Progression Desktop migrates Windows and Windows programs' settings and data from Windows to many Linuxes, including Xandros and Linspire. For example, you can use it to transfer Outlook on Windows messages to Thunderbird on Linux. Win4Lin enables you to run Windows 2000 or XP as a virtual machine in Linux. The companies have bundled these together to make a single package.
While I haven't had a chance to really review this combo, I have tried it out with Xandros and an XP set up, and it does seem to deliver the goods. Look for a real review of the pairing soon, here at DesktopLinux.com
As it is, I've tested about 13 separate livd CD Linux distros, but still haven't come to a decision, although I'm leaning towards Slackware Linux. Eventually I'll choose. When I do, I'll post a report here.
If your Windows system crashes completely and cannot be recovered using the registry editor or the boot.ini, you may face some serious problems if important data on the system wasn't backed up. Knoppix can come to your rescue by enabling you to access your Windows partition and save your important data to multiple devices for restoration later. These devices include USB jump drives (also called flash drives or key drives), CD-Rs and DVD-Rs, and copying data over the network. This section explains how to recover and save the data that you'll restore after you have re-installed Windows following a crash.
Preparing for Data Recovery The most common mistake when recovering data from a system is failing to retrieve all of it because of haste. What you leave behind is typically the data you end up needing the most, so take your time and ensure you are capturing everything valuable. The most common area for data storage is in the Documents and Settings folder (usually /mnt/hda1/Documents and Settings), which is Windows' default for saving most of all users documents, music, pictures, and so on. If there are any non-standard directories into which you or your users save data, consider those as well.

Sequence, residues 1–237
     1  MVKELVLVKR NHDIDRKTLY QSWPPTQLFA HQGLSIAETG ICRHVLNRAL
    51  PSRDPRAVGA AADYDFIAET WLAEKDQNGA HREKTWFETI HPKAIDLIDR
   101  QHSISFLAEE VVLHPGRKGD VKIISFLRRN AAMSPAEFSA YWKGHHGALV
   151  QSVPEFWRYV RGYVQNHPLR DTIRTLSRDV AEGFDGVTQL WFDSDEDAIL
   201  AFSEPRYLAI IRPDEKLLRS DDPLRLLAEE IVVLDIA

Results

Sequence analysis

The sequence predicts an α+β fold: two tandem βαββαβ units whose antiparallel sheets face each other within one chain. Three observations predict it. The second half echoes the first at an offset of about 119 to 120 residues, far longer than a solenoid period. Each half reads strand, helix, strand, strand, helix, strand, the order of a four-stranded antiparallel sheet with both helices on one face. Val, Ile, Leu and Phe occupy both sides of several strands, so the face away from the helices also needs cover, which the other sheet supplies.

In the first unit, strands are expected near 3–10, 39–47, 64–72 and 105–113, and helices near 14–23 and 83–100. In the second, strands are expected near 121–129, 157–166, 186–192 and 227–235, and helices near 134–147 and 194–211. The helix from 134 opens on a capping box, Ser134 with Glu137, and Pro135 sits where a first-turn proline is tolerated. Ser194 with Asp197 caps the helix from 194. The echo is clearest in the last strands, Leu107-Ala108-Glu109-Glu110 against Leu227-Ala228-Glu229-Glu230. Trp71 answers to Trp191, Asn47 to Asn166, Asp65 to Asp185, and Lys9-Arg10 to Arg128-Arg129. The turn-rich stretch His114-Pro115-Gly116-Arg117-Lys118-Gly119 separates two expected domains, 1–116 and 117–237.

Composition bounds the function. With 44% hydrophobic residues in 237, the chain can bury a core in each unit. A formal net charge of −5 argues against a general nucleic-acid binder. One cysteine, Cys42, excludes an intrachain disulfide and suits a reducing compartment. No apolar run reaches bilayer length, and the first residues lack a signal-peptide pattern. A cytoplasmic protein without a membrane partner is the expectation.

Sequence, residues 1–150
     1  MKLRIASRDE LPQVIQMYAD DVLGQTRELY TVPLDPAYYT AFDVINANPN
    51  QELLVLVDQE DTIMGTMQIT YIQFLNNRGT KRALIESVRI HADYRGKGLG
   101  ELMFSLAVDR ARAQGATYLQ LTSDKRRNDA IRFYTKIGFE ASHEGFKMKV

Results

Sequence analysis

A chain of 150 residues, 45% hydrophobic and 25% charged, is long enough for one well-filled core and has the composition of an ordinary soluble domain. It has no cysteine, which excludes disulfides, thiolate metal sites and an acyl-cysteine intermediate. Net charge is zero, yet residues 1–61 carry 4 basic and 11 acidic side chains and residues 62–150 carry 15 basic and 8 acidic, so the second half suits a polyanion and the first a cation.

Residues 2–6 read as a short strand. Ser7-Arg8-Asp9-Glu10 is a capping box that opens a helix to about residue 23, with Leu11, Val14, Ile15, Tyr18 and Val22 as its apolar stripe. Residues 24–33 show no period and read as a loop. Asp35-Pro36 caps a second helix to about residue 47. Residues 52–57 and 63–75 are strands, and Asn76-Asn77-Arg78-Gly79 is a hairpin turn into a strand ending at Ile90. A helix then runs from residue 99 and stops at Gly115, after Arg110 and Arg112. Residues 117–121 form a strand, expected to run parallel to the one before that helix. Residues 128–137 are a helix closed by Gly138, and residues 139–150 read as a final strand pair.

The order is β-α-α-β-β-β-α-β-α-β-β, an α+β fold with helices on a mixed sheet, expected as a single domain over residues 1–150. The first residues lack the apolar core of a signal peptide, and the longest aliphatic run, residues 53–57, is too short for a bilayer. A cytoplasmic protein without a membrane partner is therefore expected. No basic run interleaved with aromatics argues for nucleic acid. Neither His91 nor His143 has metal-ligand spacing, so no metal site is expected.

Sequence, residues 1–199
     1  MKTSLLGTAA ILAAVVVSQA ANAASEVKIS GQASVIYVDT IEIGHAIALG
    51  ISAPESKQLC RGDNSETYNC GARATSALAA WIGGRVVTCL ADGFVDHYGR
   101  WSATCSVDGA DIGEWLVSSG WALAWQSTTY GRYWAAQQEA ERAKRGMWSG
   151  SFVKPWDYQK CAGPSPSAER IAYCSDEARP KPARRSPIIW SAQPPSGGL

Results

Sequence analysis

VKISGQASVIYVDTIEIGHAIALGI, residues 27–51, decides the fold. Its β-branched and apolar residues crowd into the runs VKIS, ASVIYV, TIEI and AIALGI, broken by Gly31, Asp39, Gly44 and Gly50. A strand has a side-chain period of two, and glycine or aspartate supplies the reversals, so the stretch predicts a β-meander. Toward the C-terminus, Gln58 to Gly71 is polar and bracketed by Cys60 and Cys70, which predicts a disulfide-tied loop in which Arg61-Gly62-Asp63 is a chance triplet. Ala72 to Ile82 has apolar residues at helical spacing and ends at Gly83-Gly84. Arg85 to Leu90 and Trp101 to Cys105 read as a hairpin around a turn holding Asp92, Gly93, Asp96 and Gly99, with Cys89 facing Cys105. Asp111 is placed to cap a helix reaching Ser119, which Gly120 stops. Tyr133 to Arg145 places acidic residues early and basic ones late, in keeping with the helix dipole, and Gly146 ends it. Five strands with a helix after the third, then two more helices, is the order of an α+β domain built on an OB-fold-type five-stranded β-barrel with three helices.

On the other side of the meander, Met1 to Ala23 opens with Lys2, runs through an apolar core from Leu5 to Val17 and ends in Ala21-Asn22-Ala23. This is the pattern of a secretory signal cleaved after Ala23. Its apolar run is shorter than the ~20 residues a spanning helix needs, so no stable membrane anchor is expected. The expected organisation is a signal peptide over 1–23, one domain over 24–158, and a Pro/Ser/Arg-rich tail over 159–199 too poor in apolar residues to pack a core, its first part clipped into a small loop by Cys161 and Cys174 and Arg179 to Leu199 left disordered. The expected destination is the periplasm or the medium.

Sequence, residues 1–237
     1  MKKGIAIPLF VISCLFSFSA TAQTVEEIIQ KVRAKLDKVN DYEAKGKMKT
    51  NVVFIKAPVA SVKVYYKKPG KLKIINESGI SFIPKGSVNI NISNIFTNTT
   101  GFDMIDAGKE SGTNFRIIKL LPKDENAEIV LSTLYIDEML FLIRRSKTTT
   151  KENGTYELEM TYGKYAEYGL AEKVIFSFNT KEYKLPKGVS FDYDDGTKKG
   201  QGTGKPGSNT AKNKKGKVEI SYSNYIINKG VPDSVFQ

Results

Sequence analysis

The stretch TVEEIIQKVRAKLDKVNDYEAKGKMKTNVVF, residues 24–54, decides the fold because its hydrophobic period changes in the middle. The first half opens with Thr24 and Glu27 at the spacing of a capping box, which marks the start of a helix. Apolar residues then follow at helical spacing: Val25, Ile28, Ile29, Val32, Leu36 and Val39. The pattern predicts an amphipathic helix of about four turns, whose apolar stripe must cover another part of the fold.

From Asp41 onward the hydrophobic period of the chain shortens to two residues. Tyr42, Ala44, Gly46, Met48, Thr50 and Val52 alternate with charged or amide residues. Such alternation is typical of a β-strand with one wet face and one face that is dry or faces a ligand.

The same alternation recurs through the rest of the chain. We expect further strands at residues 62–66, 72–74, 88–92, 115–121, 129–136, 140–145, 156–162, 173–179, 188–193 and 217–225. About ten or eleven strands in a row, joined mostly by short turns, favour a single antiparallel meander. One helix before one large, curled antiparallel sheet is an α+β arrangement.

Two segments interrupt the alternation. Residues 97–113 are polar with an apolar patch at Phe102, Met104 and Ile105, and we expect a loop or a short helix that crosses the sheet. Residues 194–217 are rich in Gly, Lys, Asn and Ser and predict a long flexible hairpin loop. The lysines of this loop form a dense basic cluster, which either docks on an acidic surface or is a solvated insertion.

Look, I understand why most people don't want to switch from Linux to Windows. It's still a geeky, not quite ready for primetime operating system. I'm an enormous nerd and I have issues getting a printer installed. However, the advantages of using a fully functional OS, with all of the associated bells and whistles, for data recovery purposes cannot be overlooked. Trust me when I tell you that the Microsoft recovery floppy disk that I've used in the past does not give you much beyond the ability to use your CD-ROM drive. If nothing else, having a bootable Linux CD around provides some piece of mind. Unless your PC catches fire and the hard drive slags down and stops spinning, you'll be able to recover most of your data in the event of a Windows crash.
February 06, 2006
And now a gratuitous Go Daddy girl images found here.
You Are 40% Weird
Normal enough to know that you're weird...
But too damn weird to do anything about it!
Only 40%? Umm, no. Not even freakin' close.
February 02, 2006
Thank Dean for the link.
Question: does Katie look like she's in better shape this year? Maybe it's just me, but she sure is looking good this season.
February 01, 2006
If you need help recovering data which you have accidentally deleted, you are in luck. This is the problem with the most simple solution and the highest chance of success, so long as the deleted data has not been overwritten. In order to recover the deleted information you simply need to employ a program which can read the drive for you information and restore it. Some freeware options for task can be found here.
If you have written over your deleted data or even formatted the drive the chance of recovering your data is less than before but there is still hope. Your best bet is to try Photo Rec, a free program which works with almost any OS, including Windows, Linux, FreeBSD, and even Solaris. Downloads are available here. The program may see strange at first, but with some time is has proven to work well.